The Agorapulse account wins this battle however due to our team using our tool to engage and listen to Twitter so much better than I do!
I only show you this to say I hold more value in the data from the @scottayres account than I do the others.
If we were to remove the other two accounts and only focus on my @scottayres account, the decrease in Impressions for apps versus manual tweets would be 7.37% as mentioned earlier.
For me that’s a number small enough to me as someone who is tweeting 10-15 times per day using an app doesn’t sway me one way or the other.
My original hypothesis was: Posting with 3rd Party Scheduling Apps to Twitter will not have a substantial negative impact on Impressions (I predict a +/-10% difference).
Based on this, I’m calling this a draw. There is no real winner or loser here regarding Impressions.
If the overall number, or my individual number, had been 20% or more, I would say posting manually to Twitter wins by a landslide.
But being down 10.30% and 7.37% respectively doesn’t sway me to stop using apps to post to Twitter.
Remember the increase in followers I mentioned earlier?
The @scottayres account saw an 11.82% increase in followers by the last day of testing. The testing for the native Twitter posts was done on the final week of testing. It’s very easy IMHO to correlate that increase of 7.37% Impressions for native posts along with this increase in followers.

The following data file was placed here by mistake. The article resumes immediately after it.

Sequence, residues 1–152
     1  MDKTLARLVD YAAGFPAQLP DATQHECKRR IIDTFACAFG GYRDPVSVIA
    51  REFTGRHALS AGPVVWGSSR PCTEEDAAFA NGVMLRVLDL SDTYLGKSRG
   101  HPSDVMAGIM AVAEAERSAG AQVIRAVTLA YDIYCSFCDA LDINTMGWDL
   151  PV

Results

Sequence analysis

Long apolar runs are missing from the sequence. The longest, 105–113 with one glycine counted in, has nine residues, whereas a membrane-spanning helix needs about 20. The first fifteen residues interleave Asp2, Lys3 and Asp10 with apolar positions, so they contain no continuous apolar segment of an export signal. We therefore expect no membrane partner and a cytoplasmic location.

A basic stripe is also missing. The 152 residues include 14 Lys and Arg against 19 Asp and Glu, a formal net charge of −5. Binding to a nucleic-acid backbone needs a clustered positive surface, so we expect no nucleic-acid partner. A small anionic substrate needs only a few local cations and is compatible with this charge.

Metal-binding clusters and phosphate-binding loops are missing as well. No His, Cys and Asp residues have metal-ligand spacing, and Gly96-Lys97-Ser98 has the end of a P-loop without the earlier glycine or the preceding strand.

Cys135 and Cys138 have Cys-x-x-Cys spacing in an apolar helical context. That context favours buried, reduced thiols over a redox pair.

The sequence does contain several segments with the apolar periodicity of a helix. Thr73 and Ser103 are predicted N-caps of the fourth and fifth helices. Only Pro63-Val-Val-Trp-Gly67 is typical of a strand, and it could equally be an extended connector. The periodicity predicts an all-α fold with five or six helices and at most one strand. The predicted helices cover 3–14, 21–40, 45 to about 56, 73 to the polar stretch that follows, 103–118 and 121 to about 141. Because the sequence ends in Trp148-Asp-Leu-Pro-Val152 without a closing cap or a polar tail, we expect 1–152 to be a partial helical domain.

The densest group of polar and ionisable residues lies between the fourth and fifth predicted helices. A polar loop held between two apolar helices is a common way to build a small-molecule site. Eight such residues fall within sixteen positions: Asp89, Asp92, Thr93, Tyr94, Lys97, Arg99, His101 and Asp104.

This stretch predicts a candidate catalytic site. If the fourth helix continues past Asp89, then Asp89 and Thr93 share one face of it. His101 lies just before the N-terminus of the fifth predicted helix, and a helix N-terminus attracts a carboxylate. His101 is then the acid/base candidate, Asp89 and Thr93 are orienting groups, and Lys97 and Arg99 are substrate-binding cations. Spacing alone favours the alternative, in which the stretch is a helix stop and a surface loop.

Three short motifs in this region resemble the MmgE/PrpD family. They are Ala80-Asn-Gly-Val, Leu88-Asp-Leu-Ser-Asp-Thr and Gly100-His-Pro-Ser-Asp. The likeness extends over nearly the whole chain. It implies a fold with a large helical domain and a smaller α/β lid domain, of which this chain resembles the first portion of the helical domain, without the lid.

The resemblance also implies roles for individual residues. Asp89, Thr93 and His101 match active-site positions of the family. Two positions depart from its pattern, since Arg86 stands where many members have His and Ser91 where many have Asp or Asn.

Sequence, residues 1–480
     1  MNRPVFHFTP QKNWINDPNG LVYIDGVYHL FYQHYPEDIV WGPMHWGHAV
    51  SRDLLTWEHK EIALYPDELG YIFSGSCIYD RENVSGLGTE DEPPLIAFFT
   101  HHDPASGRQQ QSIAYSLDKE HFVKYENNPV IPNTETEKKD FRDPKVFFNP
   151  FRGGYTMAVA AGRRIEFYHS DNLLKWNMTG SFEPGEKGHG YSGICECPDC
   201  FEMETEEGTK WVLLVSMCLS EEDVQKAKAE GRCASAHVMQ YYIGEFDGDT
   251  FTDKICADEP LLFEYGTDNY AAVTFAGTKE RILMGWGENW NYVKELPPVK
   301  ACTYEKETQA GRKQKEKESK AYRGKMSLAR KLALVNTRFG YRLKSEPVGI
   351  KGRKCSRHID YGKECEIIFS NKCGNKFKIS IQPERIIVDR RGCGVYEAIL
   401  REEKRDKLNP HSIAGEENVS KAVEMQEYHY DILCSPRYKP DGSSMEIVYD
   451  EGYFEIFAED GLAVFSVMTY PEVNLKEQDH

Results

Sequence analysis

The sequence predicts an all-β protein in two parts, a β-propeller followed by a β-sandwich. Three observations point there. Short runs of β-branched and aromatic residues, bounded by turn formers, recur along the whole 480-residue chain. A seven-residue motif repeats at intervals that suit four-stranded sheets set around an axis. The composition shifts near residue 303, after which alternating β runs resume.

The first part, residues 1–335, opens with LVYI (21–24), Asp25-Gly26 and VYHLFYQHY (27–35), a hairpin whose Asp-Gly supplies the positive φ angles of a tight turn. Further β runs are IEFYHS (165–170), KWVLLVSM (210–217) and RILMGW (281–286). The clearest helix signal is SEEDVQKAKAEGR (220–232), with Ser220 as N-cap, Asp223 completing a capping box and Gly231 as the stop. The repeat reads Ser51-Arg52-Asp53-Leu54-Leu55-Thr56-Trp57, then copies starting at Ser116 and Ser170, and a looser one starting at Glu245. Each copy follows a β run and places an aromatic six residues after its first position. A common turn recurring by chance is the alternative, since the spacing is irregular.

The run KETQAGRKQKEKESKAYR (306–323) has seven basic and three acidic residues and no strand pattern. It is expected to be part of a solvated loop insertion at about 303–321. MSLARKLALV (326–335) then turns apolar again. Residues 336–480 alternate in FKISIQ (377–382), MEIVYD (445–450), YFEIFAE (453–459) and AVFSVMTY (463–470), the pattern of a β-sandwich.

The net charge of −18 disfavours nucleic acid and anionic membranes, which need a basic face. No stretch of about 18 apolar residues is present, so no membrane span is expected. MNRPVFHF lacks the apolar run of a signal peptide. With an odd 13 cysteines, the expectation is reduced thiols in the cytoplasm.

When we apply statistical analysis taking into consideration the follower count when started, compared to the follower count when we ended. And input the average Impressions of all apps and the native tweets we find the data is not significant. In other words: There is no real difference due to the growth in followers.
In the graph below “A” is when the test started with Impressions of apps, “B” is when the test ended and Impressions of Twitter native posts.
Even when I changed out the numbers to match the following scenarios for the @scottayres account, the results were not significant:
I went even further to make sure this conclusion was solid by averaging the follower count of the 3 accounts at the beginning of the test and the end of the test and compared the app average Impressions with the native Twitter Impressions and it was still not significant.
I’m convinced beyond a shadow of doubt: There is no penalty being put on tweets schedule with third party scheduling apps.
I’m going to continue using apps to post my link posts due to this.
Especially when I take into consideration how hard it was to remember to tweet manually throughout the day! I’d miss days, or go 8 hours without tweeting. Lose track of which tweet was next and had to constantly log in and out of each account. It wasn’t ideal.
You should continue to be “social” on Twitter and get into conversations, reply to @mentions and retweets, etc. But scheduling your posts is not a bad thing, and you should have confidence now to proceed with doing it!
Manually attempting to post 100 tweets per account in a week or so was brutal.